The largest tomb in the world

The largest tomb in the world

The largest tomb in the world

You might think the Pyramids in Egypt the largest.

Yes and No my friends.

Yes, vertically, but horizontally No.

Area wise the largest one is in Sakai city – near Osaka, Japan. It is the tomb for the 16th Emperor Nintoku, built in the 5th century with square measure of the tomb alone is around 103 thousands sq. meter. The total length including the moat is 840 m. the width is 654 m. and 36 m high.

Top view of the world largest Nintoku’s tomb and comparison with Khufu’s Pyramid and Aircraft Carrier USS Gerald Ford

16th Emperor Nintoku

One day as he watched villages from a height, he found that no smoke from cooking ovens was visible. The people were in poverty. The Emperor immediately ordered a tax exemption for the people for three years.

He is also known for the development of agricultural lands, irrigations, and other construction work.

Some archeologists with the help of a famous construction company estimate that it may have took 10 to 20 years with 2,000 workers per day to build. The up-to-date measuring technologies, civil engineering then existing had been employed.


Side view of the tomb

Round tomb in the right and the left trapezoid entrance section.

Top view of the tomb resembles a gigantic key hole surrounded by a moat with water in between the tomb and the moat. The characteristic shape is named as “the circular‐shaped ancient tomb with rectangular frontage”. The moat and water may have been used as a reservoir for nearby farm lands in old days. Adjacent to it, similar shaped tombs of big and small are found. Collectively 44 of these are called “Mozu ancient tombs group”. This type of tombs symbolizes the authority and power of Yamato Imperial Court.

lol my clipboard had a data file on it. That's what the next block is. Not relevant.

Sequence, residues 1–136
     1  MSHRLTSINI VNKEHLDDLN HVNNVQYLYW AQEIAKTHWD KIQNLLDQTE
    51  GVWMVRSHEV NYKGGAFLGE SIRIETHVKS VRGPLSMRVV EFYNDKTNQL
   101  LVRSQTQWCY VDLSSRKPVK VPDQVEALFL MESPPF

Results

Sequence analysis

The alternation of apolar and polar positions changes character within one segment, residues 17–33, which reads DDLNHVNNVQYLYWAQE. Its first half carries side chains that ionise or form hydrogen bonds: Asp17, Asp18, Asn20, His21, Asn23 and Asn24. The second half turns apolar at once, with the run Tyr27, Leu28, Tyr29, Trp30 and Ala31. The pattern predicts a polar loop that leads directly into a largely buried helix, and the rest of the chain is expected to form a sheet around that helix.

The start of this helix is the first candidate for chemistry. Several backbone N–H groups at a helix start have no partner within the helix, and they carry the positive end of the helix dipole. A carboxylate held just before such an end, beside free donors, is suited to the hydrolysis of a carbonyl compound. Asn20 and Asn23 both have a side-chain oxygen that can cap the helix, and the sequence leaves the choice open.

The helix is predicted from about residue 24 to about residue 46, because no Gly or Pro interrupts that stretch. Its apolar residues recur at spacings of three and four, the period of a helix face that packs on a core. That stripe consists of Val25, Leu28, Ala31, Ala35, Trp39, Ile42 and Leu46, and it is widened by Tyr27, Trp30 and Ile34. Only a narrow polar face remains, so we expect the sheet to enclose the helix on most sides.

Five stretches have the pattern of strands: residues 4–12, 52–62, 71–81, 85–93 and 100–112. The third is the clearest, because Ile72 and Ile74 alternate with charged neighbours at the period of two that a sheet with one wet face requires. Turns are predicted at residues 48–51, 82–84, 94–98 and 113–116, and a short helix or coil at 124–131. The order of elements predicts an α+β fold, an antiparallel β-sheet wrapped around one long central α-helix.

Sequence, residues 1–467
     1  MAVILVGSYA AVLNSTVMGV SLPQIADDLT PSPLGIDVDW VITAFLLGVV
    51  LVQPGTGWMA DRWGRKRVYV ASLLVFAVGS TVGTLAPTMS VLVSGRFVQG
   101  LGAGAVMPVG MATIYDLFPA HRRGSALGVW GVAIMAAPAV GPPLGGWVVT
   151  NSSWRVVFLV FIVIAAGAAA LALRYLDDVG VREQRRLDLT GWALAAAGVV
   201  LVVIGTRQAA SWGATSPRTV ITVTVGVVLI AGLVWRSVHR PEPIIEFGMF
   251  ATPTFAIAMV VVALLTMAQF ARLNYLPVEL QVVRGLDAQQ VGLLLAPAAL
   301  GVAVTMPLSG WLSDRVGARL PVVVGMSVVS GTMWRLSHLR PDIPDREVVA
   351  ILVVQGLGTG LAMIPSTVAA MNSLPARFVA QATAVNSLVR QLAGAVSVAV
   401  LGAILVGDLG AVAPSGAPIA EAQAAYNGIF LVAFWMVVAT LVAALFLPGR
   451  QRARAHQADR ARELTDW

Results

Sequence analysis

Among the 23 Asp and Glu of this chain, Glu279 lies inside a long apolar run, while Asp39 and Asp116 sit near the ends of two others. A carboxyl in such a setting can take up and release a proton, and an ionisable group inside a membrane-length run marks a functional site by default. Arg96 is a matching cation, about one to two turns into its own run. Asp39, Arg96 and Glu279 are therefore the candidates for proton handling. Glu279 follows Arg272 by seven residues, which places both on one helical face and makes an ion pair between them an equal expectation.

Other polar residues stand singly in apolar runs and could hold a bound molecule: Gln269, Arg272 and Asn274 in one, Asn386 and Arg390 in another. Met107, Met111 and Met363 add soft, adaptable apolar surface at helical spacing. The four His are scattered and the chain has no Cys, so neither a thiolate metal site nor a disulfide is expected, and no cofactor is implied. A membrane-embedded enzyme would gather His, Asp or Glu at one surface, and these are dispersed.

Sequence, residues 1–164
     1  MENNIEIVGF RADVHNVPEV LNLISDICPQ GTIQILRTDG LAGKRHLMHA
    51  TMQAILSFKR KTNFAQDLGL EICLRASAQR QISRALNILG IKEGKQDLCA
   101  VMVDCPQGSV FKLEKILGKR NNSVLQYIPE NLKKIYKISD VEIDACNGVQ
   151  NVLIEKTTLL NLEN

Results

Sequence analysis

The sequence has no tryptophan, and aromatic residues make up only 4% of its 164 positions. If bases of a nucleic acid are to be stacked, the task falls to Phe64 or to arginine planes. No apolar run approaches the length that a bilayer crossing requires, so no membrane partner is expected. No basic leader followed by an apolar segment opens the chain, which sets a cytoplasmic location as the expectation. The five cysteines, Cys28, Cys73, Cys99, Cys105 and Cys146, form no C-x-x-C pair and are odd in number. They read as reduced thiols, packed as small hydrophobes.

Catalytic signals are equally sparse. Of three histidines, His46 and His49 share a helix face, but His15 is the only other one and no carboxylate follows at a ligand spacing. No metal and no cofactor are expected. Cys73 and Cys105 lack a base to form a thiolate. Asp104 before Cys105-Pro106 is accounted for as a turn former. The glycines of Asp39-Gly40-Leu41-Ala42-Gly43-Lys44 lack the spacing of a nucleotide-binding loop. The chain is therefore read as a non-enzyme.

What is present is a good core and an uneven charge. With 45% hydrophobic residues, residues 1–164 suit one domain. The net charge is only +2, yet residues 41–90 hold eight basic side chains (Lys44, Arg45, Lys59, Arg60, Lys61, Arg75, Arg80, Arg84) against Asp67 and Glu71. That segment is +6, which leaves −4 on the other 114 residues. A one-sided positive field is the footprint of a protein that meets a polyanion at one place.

Throughout Japan, at least 5,000 Circular-shaped ancient tombs with rectangular frontage, or more simply the Key-hole style tombs were built between 3rd and 7th century. The period is called “Era of ancient tombs”. The first one is in Nara. The number should be much higher as many of them had been destroyed and vanished.

It is yet to be known why Chiba and Ibaraki prefectures, far removed from Nara – the center of Yamato Imperial court, have more of these tombs than anywhere else. One theory, that is mine by the way, suggests that Yamato Imperial Court probably had their roots in Chiba/Ibaraki.

For your information, a few number of small scale Key-hole tombs are found also in the Southern part of Korean peninsula. They are all relatively young.

No peeping!

Although the shape is like a key-hole, ironically you cannot see the inside of Nintoku’s tomb, as entering it is banned by the Imperial Household Agency, who is the custodian of the most of tombs relate to successive Emperors of Yamato Imperial Court. Remember, in Japan, throne have been kept occupied by one dynasty (a single line of Emperors) from ancient time.

Construction of Key-hole style tombs or any other types of big tombs were stopped simultaneously as the arrival of Buddhism.